So what happened? Well first, the Spirit of Vatican II began to be restructured. Though many assumed married priests were a forgone conclusion, by the early 00s, it was clear that it wouldn't happen any time soon. When Benedict became Pope, he made it clear early that there would be no women priests, and no married priests. Though he reached out to the Anglican Communion, on the whole he seemed to have little to no real interest in reaching out to the 'Separated Brethren', at least as a top priority. His interests were in other areas. The idea that it was time to put the kibosh on married clergy sent a not-too-subtle message across the Church. Those seeing Protestant clergy as support for the married cause had to realize that their efforts would not be realized any time soon.
Plus, because Pope Benedict was less evangelistic, if not less charismatic, the outreach just wasn't there. As goes the Pope, so goes the Church. Like it or not, Popes make an impression on the Catholic mindset. As evangelism became more of a parlor discussion than an urgent wave of immediate priorities, it turned to individual ministries and individuals to keep the flames burning. And that has far less of an impact on the Catholic Church than the passion of a serving Pope.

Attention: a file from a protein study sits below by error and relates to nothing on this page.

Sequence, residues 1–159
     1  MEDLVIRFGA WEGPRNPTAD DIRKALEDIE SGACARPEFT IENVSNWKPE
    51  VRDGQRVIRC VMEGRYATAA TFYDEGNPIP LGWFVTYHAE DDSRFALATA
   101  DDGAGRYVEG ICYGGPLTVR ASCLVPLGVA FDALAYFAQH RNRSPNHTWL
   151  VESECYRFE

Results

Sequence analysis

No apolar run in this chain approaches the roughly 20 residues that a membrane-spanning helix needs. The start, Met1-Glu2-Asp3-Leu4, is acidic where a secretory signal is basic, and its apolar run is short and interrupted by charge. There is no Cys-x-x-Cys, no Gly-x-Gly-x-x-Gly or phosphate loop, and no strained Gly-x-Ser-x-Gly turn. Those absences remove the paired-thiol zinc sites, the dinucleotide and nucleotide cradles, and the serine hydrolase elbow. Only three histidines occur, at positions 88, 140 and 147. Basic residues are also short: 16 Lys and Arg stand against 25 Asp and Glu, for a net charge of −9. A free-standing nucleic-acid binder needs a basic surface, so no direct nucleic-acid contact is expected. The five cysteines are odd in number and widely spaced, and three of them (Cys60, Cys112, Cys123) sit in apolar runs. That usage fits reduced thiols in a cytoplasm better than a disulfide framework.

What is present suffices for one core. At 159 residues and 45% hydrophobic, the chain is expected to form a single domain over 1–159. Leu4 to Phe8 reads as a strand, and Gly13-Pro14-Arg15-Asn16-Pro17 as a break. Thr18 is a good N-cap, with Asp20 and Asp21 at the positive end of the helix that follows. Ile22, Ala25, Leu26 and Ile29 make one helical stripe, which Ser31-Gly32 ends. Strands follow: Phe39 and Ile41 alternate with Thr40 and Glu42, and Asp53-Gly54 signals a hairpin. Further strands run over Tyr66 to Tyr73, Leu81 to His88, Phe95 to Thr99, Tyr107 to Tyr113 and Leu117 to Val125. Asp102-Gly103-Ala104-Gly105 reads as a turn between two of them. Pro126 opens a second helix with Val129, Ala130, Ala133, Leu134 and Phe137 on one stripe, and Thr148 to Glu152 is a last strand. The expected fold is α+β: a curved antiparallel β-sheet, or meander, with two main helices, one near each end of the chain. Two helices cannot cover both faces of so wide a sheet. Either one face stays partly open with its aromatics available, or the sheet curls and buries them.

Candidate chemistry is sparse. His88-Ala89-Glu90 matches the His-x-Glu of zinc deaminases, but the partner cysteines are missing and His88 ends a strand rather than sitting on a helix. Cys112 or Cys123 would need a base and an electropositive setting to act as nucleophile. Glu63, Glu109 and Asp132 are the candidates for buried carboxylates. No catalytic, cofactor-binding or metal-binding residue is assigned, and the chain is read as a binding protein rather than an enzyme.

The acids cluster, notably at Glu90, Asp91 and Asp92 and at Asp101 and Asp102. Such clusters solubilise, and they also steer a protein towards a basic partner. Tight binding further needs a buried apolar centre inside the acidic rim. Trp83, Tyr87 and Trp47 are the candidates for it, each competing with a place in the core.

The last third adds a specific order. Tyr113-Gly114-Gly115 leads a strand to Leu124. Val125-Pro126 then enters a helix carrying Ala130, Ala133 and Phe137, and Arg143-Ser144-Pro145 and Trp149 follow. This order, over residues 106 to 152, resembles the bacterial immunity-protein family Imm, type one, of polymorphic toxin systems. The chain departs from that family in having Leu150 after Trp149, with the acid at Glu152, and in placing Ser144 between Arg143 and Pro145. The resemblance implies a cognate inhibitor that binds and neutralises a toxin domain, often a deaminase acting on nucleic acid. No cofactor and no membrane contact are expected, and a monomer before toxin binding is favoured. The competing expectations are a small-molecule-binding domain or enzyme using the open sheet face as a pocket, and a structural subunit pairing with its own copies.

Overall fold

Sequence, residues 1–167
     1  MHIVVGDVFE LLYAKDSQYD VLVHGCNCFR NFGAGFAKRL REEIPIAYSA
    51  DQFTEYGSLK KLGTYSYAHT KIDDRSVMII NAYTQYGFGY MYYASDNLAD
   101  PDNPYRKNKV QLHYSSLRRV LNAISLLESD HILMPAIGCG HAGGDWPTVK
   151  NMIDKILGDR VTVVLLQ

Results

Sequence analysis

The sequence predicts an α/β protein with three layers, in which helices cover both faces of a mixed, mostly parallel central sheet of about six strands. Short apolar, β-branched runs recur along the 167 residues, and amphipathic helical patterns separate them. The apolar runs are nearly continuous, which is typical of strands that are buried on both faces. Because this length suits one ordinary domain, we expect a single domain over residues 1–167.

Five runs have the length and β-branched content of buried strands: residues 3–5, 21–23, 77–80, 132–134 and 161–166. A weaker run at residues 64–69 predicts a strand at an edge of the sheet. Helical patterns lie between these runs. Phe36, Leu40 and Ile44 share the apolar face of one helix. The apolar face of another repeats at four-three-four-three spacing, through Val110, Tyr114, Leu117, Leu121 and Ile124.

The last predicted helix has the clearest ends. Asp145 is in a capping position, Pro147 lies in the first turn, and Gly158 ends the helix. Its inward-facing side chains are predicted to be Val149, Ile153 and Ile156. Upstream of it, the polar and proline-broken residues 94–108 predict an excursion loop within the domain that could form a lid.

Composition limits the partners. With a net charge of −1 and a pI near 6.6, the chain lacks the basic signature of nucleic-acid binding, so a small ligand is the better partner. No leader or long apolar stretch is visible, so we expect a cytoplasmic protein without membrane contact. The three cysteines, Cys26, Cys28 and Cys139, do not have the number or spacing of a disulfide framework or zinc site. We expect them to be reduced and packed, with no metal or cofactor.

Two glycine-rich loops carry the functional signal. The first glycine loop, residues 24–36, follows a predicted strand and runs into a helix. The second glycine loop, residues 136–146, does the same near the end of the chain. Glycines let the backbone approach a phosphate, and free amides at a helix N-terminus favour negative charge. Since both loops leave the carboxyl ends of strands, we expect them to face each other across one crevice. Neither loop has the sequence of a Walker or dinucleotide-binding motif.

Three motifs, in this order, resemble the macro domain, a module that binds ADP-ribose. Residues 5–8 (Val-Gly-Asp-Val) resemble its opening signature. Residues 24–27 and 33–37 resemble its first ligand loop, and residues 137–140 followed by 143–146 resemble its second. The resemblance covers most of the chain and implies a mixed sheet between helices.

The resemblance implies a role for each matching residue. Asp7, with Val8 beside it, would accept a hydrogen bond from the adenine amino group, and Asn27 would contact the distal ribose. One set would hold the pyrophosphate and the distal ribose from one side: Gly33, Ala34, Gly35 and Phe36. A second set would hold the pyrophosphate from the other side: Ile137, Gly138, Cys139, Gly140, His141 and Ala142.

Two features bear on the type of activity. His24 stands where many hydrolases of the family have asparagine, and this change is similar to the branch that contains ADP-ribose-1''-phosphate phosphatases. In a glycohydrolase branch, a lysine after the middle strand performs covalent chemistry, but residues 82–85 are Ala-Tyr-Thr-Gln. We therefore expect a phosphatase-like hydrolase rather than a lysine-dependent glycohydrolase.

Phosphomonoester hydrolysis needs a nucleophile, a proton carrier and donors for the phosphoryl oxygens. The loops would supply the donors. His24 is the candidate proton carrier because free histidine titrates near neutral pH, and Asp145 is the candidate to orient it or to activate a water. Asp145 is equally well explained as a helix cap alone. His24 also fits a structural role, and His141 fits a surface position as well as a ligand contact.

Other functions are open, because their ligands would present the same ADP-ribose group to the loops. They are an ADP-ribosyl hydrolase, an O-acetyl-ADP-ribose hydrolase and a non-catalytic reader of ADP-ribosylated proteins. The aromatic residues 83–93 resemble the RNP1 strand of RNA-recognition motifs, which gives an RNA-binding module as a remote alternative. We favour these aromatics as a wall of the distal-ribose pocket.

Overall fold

Not to mention that, at that very same time, Mother Angelica began to fade. Simply because of age, she was no longer the default leader of EWTN she had been, but became more or less the default leader emeritus. It was her love of stories like Scot Hahn's or Marcus Grodi's that caused her to step in and do her own version of William Randolf Hearst's 'Puff Graham' to the clergy convert cause. If there was still residue of her zeal in the form of shows or stories when I came into the Church, it lacked her personal touch, a touch that made an impression on her millions of adoring followers back in the day.
Plus it was the 00s. Two big things had happened culturally. First, 9/11 had allowed radical and zealous atheists to emerge and drive anti-religious bigotry into the mainstream. Within a few years, being too religious was seen as suspicious at best. A person ready to leave it all for a religious cause may have been something in 1990, but by 2002 not a few folks had to raise a cautious eyebrow. Not to mention that many young people, weaned in a society fomenting endless days of anti-religious doctrine, grew up at best with no religious knowledge, at worst having a built in suspicion of those religious types. Try getting a job from a young HR rep who doesn't know what the term Congregation means when you're a former clergy.